Dogs are often described as "man's best friend".
But when it comes to fighting stress, petting a cat may be just as beneficial.
Researchers from Washington State University and Belgian university KU Leuven have found that many people - especially those with "strong and highly reactive" emotions - would benefit from feline interactions at animal-assisted interventions.
"Our study shows that we may be able to reach a larger audience by offering interventions that include dogs and cats. People who are on the higher end of the emotionality trait may be more likely to participate and benefit from these interactions," co-author Patricia Pendry said. "We're looking for ways to help more people reduce their stress levels. Adding cats may be another way to reach a broader audience."
Universities implementing animal-assisted interventions like "Pet Your Stress Away" events have proven benefits but more than 85 per cent of them only include dogs.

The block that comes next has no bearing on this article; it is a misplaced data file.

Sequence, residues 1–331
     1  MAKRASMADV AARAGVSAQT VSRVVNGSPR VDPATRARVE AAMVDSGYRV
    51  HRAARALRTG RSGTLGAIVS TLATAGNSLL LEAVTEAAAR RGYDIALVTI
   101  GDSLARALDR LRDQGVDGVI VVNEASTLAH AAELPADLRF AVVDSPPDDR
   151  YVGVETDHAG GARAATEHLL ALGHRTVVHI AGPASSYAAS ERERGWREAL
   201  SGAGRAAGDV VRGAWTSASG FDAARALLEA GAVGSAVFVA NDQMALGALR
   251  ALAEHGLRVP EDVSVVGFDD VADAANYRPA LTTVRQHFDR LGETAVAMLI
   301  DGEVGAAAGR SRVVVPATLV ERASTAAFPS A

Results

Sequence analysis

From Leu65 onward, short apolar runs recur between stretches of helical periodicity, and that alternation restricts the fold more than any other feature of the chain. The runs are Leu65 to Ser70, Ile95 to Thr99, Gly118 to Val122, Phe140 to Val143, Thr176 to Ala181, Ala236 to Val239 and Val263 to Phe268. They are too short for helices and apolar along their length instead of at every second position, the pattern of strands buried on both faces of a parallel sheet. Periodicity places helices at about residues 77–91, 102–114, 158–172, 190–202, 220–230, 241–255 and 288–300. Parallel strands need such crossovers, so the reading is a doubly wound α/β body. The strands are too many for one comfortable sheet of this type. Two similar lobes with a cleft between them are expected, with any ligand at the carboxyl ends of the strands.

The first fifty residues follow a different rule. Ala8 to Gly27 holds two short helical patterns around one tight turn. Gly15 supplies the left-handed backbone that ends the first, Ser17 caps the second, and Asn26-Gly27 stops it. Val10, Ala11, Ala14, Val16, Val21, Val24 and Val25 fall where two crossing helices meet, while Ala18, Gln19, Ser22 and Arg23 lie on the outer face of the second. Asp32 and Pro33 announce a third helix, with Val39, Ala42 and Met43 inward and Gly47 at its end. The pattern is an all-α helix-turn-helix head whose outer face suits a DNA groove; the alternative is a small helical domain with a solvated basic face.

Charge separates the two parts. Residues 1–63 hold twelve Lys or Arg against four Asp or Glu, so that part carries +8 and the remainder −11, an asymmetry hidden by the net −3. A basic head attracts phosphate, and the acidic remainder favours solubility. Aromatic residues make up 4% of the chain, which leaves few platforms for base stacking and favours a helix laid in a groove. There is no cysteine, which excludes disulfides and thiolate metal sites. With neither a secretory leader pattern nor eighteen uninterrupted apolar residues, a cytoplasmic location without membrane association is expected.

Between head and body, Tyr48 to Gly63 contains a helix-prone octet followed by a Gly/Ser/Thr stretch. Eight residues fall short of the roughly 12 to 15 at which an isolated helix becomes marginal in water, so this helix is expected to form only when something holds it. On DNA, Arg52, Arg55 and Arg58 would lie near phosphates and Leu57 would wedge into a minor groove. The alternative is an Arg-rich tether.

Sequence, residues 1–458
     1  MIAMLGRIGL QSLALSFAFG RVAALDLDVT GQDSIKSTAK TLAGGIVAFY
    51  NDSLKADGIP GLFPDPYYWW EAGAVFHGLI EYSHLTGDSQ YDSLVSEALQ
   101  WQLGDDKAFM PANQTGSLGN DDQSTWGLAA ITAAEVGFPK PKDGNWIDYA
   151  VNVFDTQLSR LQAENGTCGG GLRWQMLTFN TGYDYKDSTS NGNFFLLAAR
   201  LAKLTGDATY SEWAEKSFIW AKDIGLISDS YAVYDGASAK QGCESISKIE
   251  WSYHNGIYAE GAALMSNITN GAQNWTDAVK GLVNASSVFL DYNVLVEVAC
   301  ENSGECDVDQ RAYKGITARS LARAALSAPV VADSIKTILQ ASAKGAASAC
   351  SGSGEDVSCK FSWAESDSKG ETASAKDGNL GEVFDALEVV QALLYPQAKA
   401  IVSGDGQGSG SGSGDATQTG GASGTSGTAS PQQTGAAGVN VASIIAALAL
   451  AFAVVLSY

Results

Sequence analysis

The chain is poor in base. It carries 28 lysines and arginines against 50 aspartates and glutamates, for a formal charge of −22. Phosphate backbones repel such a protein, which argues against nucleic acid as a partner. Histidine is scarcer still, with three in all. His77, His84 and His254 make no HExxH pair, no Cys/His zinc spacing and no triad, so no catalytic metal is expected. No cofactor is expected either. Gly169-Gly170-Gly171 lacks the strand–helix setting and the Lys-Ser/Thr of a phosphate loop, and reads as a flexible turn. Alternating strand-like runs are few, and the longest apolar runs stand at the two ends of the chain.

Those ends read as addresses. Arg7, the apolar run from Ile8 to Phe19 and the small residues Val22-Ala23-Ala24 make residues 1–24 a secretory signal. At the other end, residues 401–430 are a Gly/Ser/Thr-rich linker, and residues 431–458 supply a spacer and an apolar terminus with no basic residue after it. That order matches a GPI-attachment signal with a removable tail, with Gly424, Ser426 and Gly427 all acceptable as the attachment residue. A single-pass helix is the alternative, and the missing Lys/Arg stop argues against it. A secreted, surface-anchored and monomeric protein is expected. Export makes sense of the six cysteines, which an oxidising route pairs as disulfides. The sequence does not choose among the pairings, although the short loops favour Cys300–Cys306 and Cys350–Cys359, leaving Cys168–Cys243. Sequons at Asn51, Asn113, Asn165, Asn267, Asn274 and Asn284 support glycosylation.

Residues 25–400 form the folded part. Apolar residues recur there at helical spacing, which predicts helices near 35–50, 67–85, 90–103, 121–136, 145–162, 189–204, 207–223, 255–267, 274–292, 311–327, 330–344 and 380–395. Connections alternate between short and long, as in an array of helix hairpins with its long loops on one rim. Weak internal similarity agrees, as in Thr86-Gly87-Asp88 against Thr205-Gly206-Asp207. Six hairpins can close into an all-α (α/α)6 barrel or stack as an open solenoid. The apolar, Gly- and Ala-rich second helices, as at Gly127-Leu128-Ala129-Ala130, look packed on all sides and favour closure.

Following a survey of more than 1,400 university students, the team noted that having the option of being able to choose interaction with a cat or dog, or both, may increase the number of people interested in attending an animal-assisted intervention, which is shown to lower stress and make people feel better.
"There's a perception that dogs exist to please people. While I may describe cats as 'discerning,' they are often perceived as unpredictable, aloof, or finicky - traits that can be difficult for some to be around," added Pendry. "Anecdotally, we've always been told that cat people are different from dog people, and that most students are not interested in interacting with cats. Our results revealed that students are interested in interacting with cats and that this interest may be driven by personality traits."
Full study results have been published in the journal Anthrozoös.